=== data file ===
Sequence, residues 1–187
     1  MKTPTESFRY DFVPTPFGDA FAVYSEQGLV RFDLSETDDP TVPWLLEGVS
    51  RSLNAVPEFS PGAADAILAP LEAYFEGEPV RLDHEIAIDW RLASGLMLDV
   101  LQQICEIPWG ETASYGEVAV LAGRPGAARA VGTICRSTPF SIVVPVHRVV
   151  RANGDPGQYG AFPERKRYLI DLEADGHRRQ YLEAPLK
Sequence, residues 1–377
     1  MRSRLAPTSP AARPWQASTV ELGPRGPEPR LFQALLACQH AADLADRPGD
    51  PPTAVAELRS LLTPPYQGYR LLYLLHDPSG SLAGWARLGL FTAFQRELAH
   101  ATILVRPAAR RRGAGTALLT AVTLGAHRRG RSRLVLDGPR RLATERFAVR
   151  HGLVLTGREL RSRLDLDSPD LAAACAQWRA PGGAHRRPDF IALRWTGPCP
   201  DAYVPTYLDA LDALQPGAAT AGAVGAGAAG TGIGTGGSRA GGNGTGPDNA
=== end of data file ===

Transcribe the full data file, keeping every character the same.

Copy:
Sequence, residues 1–187
     1  MKTPTESFRY DFVPTPFGDA FAVYSEQGLV RFDLSETDDP TVPWLLEGVS
    51  RSLNAVPEFS PGAADAILAP LEAYFEGEPV RLDHEIAIDW RLASGLMLDV
   101  LQQICEIPWG ETASYGEVAV LAGRPGAARA VGTICRSTPF SIVVPVHRVV
   151  RANGDPGQYG AFPERKRYLI DLEADGHRRQ YLEAPLK
Sequence, residues 1–377
     1  MRSRLAPTSP AARPWQASTV ELGPRGPEPR LFQALLACQH AADLADRPGD
    51  PPTAVAELRS LLTPPYQGYR LLYLLHDPSG SLAGWARLGL FTAFQRELAH
   101  ATILVRPAAR RRGAGTALLT AVTLGAHRRG RSRLVLDGPR RLATERFAVR
   151  HGLVLTGREL RSRLDLDSPD LAAACAQWRA PGGAHRRPDF IALRWTGPCP
   201  DAYVPTYLDA LDALQPGAAT AGAVGAGAAG TGIGTGGSRA GGNGTGPDNA